I have a weakness for even the most whacked-out mindbenders, but the memorable ones typically succeed by taking one of two routes. Either the film is tightly structured enough to make the implausible seem utterly plausible (Memento, The Mothman Prophecies) or it is so audacious as to burst through the gates of logic and enter the realm of irresistibly entertaining schlock (think The Butterfly Effect).
By contrast, The Number 23 is trapped in a sort of cinematic purgatory between the two poles. It is too outlandish and overcooked to deliver genuine thrills and too lugubrious and self-important for campy fun. First-time screenwriter Fernley Phillips ladles on a surfeit of ideas, some of them ambitious and intriguing, but a script this dense could have withstood some judicious editing.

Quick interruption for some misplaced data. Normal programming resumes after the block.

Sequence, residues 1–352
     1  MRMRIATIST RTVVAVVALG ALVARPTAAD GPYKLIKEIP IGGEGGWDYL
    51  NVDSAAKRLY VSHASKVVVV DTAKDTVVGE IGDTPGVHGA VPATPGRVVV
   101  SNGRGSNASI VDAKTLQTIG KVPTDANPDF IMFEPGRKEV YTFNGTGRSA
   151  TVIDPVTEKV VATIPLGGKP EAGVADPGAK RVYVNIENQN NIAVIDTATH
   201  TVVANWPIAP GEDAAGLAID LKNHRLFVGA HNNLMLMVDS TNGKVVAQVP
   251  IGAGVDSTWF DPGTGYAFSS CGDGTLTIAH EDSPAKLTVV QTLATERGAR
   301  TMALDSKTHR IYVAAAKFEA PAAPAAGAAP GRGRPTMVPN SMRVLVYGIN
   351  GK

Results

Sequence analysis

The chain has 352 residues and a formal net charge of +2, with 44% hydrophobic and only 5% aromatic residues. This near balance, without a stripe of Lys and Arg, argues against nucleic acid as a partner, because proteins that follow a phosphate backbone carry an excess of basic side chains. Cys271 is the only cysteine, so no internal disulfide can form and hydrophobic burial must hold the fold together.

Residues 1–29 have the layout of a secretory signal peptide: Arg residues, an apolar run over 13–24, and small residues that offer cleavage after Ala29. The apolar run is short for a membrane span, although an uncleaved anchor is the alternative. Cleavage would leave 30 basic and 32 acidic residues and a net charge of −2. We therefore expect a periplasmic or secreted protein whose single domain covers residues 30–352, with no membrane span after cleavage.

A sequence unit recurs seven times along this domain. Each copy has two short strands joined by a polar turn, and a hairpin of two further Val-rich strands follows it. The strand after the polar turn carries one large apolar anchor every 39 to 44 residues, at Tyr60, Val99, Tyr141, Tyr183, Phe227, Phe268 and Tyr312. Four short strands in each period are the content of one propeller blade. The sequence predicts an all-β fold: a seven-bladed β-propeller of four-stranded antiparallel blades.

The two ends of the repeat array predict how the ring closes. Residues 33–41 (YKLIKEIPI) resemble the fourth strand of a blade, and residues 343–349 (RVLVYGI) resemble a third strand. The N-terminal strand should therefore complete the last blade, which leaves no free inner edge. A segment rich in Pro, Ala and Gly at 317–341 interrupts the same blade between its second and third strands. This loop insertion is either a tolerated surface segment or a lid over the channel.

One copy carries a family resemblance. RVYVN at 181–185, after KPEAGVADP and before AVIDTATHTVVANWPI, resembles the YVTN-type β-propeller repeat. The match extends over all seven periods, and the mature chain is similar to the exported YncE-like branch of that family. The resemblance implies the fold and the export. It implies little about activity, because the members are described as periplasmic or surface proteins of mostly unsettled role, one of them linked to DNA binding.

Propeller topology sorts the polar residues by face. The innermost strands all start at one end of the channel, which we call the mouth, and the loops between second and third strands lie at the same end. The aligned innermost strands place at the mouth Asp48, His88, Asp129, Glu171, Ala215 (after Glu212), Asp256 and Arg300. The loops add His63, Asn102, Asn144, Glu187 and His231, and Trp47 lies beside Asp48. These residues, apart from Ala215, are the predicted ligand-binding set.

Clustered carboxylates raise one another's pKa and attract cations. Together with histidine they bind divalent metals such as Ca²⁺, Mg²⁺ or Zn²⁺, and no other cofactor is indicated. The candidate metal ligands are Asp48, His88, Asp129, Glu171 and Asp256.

Certainly, the cast doesn't appear to know what to make of it all. Madsen is adrift in a role that calls for an almost pathological inability to notice that her husband is going crazy. Carrey confuses acting with nervous tics for Walter Sparrow.
Director Joel Schumacher (Phone Booth, Phantom of the Opera) doesn't do the film any favors, injecting the proceedings with his usual excess of stylistic flair. The cinematography is bathed in soupy greens and browns, fantasy sequences echo the cut-and-paste sexuality of cologne commercials and the picture's overall look is suspiciously like outtakes from old Nine Inch Nails music videos.
The DVD boasts both the theatrical version and an unrated cut. That means about three additional minutes of visual gristle.
I will give New Line props for the DVD presentation, which is preserved in anamorphic widescreen and maintaining the theatrical release's 2.35:1 aspect ratio. The Number 23 boasts an excellent picture quality. Lines are sharp, imagery is detailed and blacks are solid. I detected no defects such as edge enhancement, combing or pixilation.
Viewers can choose between Dolby Digital 5.1 EX Surround and 2.0 Stereo Surround. The former is first-rate and makes good use of rear speakers, although The Number 23 is primarily dialogue-driven.